"Yet, if, continuing to exercise that right is predicated on our remaining house broken pets to the current political, economic and social order than we have lost much, much more than a space in the public square."


I note your proposals and would go (not, apparently, being as Cruncy Con. as you) for about 4 out of 7 of them. But how is doing them, even all seven, going to involve giving up our religious freedom, taking ourselves out from under the shelter of supposedly heretical American Christianity, and so forth? I don't really see the connection. Is the idea supposed to be that if believers take your suggestions to heart, they will be so hated that the government will start passing more oppressive laws against them _just because_ they are refusing government funds for their endeavors, preaching against the military, or what-have-you? That seems implausible. About the only one likely to get you in trouble with the law or even, for that matter, to play into stereotypes about dangerous conservatives is blockading abortion clinics. But they've pretty much done what they want there by passing the FACE bill so they can throw you in federal prison for doing so. Even Ruth Bader Ginsberg seems satisfied that that's enough of a slap-down on pro-lifers' freedom of speech; so I doubt it will be courting worse if more pro-lifers do engage in civil disobedience. But as for the rest--nobody is going to try to persecute Christians for preaching tort reform and refusing to shop on Sunday!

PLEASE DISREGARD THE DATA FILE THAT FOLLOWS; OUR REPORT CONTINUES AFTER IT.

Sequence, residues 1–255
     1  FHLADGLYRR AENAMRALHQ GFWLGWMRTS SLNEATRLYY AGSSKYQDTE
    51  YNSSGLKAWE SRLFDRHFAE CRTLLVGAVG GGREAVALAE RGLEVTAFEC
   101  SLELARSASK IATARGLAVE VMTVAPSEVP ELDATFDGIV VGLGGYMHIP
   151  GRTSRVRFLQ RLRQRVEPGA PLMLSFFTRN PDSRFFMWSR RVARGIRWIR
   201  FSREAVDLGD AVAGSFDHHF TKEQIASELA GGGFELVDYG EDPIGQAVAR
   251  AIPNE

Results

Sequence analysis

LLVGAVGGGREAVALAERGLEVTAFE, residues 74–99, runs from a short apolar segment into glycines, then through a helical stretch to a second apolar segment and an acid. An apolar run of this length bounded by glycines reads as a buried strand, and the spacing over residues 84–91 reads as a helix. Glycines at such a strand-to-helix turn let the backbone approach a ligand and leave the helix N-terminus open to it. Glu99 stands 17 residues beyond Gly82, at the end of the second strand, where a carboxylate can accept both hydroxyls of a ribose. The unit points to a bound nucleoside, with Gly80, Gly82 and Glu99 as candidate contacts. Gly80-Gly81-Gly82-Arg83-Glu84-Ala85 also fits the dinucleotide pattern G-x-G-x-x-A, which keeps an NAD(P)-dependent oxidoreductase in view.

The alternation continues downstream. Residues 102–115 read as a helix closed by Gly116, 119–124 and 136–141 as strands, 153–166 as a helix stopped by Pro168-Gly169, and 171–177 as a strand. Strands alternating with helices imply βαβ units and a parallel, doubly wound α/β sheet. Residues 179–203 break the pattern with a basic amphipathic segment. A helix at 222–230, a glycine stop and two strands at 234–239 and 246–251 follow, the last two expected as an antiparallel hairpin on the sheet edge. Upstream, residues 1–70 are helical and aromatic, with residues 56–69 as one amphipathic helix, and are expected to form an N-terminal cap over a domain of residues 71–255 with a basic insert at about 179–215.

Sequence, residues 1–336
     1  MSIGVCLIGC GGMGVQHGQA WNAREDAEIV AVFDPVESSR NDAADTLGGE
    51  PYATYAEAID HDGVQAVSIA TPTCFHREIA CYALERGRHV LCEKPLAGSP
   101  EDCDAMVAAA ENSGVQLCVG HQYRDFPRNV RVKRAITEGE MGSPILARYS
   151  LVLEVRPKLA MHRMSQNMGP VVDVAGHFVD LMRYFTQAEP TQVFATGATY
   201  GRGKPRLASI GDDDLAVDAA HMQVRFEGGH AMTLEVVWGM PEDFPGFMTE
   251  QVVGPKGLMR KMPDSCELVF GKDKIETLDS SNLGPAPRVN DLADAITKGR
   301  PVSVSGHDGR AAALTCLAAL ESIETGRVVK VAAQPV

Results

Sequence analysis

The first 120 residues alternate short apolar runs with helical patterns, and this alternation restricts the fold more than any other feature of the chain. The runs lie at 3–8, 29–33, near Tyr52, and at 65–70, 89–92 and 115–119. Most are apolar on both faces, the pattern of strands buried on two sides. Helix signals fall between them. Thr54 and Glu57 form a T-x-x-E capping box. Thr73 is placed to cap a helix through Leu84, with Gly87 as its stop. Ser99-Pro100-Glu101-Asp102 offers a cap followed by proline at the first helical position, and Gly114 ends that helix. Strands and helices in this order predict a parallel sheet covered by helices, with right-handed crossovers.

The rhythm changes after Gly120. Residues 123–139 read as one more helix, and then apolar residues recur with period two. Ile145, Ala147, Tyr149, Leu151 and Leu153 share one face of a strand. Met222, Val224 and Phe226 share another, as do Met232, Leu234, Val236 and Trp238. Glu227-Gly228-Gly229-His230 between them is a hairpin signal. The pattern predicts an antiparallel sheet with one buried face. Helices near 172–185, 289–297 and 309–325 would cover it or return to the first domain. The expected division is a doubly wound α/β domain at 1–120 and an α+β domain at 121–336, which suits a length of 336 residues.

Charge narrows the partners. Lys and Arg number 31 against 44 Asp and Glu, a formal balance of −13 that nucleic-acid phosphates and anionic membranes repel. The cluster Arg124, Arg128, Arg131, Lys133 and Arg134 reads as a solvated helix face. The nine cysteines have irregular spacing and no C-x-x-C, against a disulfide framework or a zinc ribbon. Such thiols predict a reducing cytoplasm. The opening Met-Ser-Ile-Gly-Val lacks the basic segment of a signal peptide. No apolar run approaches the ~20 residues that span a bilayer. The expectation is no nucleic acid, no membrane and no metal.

So while I agree with some of your recommendations and disagree with others, that's not really to the point. The real point is that I don't think they support the contention that those of us who are sincere Christians are somehow selling ourselves out in order to buy our present religious freedom, that we wouldn't have it if we lived out our Christianity more consistently, and so forth.

I am not calling for us to give up our religious freedom. I asking that we exercise it more fully.

Will oppression follow if we do so? You seem to think so when you said: "I'll accept the protection even of the shallow Christianity of some of my fellow Americans." Protection from what? The State, social alienation, discomfort?

The world is hungry for genuine witness, not the watered-down, compromised versions too often on display. No safe, earthly shelters are promised for His disciples.

You asked how do we make it clear that we are not house-broken pets. I simply said live out our calling. Refuse the strings that are attached with government funding and reclaim a sense of the sacred. Right now banks are opening on Sunday. Need I elaborate on how spiritually disordered that is, or on where it is likely to lead? You agree consumerism is a problem and probably why we are having this conversation. I welcome anything that reorders ourselves towards being over having.

I'm aware that FACE has crushed non-violent protests in this country. Where is our Martin Luther King? Do we have to "blockade" the clinics, or simply mass outside in numbers that suggest we really believe the murdering of innocent lives is occurring?